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Bulletin 9 | Jan 2024

Topical Updates: To IP & Beyond


The Plaintiff’s interim injunction application against the release of the Defendant’s film “Shamshera” on OTT platforms, was dismissed as the Plaintiff failed to establish substantial similarity of the film with its script ‘Kabu na chhadein Khet’. The Court relied on the R.G. Anand case to reiterate that no copyright subsists in an idea and further observed that principles, themes or historical / legendary facts being common property, cannot be monopolized by any particular person.

In setting aside the Trial Court’s order acquitting the Respondent in a complaint filed under S. 138, Negotiable Instruments Act, 1881, the High Court held:

  1. An issue that is not raised during the cross-examination stage is deemed to remain unrebutted and cannot be the sole reason for dismissal of the complaint.
  2. Non-filing of certificate under S. 65B, Indian Evidence Act, 1872 in support of tracking reports to demonstrate service, is a curable defect and such filing may be permitted at a later stage; is not fatal to the complaint.

Delhi High Court set aside an order of the Controller of Patent whereby a patent application was refused in an “arbitrary and whimsical” manner, and remanded the matter for fresh consideration. The order was passed after an inordinate delay of 4 years post oral hearing and without affording due opportunity to the applicant under Section 8(2) of the Patents Act, to respond in relation to information sought by the Controller.

Held, orders by the Controller post oral hearings are to be passed within six months to prevent undue delays.



In a copyright infringement suit, an ad interim order was passed restraining the  Defendants (restaurant owners) from playing the Plaintiff’s copyrighted songs on their premises, without a license from the Plaintiff. Relying on Phonographic Performance Limited v. Canvas Communication, the Court rejected the Defendants’ argument under S. 33 of the Copyright Act. Held, by virtue of S. 30 of the Act, a copyright holder (not being a registered copyright society), may insist upon a license before others exploit their work.

The Apex Court recently upheld the National Company Law Appellate Tribunal’s ruling on (NCLAT) maintainability of an application under S. 7 of the IBC. The NCLAT’s order had held that a S.7 application seeking ‘Joint’ Corporate Insolvency Resolution Process (CIRP) of separate corporate entities in a shared real estate project, is maintainable. Further, the requirement of minimum 100 allottees is to be met at the date of filing of the application and that CIRP can commence even if claims of certain allottees are time barred or less than INR 1 Crore.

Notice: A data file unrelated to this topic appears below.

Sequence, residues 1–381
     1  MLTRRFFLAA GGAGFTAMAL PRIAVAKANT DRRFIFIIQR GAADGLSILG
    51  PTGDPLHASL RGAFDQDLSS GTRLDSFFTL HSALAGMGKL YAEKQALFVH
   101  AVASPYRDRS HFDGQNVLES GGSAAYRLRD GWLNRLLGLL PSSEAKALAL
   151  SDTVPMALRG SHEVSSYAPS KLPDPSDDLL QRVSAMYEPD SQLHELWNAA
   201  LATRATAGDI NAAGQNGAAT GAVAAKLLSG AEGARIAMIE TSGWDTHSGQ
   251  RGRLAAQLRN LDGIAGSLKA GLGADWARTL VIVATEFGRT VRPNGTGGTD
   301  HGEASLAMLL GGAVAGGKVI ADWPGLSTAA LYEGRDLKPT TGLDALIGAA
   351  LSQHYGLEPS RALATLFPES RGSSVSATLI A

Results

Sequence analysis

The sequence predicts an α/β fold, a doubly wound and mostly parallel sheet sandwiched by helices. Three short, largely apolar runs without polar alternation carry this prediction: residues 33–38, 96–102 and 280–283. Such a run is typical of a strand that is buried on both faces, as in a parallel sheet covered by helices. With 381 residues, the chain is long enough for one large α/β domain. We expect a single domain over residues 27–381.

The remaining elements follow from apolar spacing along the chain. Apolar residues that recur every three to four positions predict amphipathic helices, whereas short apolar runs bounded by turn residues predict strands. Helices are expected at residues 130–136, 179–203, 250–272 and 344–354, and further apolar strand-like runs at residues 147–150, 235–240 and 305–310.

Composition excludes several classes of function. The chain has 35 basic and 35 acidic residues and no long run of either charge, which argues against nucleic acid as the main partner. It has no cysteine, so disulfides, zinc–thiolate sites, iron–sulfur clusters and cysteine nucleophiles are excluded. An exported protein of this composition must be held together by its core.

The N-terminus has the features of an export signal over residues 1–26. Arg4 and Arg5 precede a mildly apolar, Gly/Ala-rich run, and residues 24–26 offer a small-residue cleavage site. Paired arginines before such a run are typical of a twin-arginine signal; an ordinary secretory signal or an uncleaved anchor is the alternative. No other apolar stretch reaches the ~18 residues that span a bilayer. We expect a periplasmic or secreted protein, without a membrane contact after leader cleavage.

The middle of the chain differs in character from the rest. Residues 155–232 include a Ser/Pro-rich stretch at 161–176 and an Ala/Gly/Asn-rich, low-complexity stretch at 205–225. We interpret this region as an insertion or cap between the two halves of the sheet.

Significant Judgments



In a SEP litigation filed by Philips, the Delhi High Court directed the defendants to deposit Rs.53.25 crores as a pro-tem measure, while awaiting an interim injunction.

Citing Huawei Technologies v ZTE Corp., Intex Technologies v. Ericsson, Xiaomi Technology v. Ericsson, Nokia Technologies v. Oppo, the court emphasized that:

  1. implementers are required to provide pro-tem security during the stage of negotiations, i.e. even prior to initiation of litigation.
  2. an implementer has no right in silence or inaction at the stage of negotiation.
  3. pro-tem precedes ad-interim stage and does not entail arguments on merits.
  4. pro-tem security order cannot be likened to an injunction.
  5. Court in exercise of its inherent power under Section 151 CPC, as an interim measure, can pass a pro-tem order for balancing the equities with a view to aid a party.
25…This Court is empowered to pass a pro-tem deposit order without delving into the four-fold test required to be met at the time of grant of interim injunction…


The Court granted a permanent injunction restraining the Defendant from reusing the Plaintiff’s ‘DEVANS’ embossed glass bottles for selling its own ‘COX’ beer, deeming it an infringement of the Plaintiff’s trademark/design rights. The Defendant claimed inadvertent use of the bottles after purchasing them from scrap dealers but argued that there is no bar against using such recycled bottles. The Court reiterated the settled position of law and imposed a Rs. 2 Lakhs cost on the Defendant for unnecessarily contesting the matter.

20. The legal position is thus settled that reusing of third party branded bottles would not be permissible. In fact, the use of such bottles, which have name ‘DEVANS’ embossed on it, could create an impression to the consumer that the ‘COX’ beer sold by the Defendant also originates from the Plaintiff’s stable of products.


The Single Judge’s order whereby the use of the mark ‘MakeMyTrip’ as a keyword in the Google Ads program was injuncted, was set aside. Held, following provisions of Trade Marks Act, 1999 (Act) had been erroneously applied:

  1. 29(4) – both Booking.com and Makemytrip provided similar services.
  2. 29(8) – use of the trade marks as keywords by competitors, without any confusion or deceit did not per se amount to infringement.
  3. 29(7) – use of the impugned keywords could not be construed as applying the registered trade mark to any material intended to be used for labelling or packing goods etc.,
  4. The presumption of confusion under S. 29 (3) of the Act is rebuttable based on the material on record. Further, on the aspect of granting injunction it was held:
It is erroneous to suggest that in cases where a trademark, which is deceptively similar, is used in connection with similar goods and services, an injunction must necessarily follow.
Meet the Picklers: Sneha Jain, Savni D. Endlaw, Snehima Jauhari, Kuber Mahajan, Saif Rahman Ansari and Srishti Dhoundiyal.


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